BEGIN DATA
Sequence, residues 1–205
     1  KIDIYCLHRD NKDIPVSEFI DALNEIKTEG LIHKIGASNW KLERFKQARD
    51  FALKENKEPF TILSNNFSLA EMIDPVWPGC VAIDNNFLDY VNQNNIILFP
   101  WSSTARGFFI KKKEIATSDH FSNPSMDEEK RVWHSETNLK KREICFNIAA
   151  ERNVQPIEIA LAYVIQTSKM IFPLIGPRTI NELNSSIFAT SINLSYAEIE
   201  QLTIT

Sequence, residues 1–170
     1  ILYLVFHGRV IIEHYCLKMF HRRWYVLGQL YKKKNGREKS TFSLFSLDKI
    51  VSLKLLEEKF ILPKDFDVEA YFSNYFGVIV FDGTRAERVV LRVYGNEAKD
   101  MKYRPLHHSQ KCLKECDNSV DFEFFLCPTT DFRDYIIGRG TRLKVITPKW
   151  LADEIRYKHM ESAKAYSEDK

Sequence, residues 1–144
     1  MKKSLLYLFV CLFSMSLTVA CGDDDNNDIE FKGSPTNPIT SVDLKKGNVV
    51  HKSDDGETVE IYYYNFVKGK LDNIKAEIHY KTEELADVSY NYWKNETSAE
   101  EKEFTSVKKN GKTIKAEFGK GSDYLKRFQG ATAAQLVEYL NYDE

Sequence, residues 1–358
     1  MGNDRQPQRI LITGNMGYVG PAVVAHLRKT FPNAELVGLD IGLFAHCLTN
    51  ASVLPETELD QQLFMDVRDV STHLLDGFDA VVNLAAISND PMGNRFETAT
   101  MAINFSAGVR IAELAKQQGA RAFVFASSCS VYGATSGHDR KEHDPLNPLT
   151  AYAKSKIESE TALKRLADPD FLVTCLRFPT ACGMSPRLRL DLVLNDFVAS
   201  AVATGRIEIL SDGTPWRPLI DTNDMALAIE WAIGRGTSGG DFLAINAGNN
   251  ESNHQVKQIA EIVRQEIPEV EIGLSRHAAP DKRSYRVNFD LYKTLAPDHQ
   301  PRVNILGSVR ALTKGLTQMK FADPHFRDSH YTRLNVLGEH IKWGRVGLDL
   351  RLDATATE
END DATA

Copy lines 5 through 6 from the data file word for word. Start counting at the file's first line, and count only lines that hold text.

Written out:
   151  ERNVQPIEIA LAYVIQTSKM IFPLIGPRTI NELNSSIFAT SINLSYAEIE
   201  QLTIT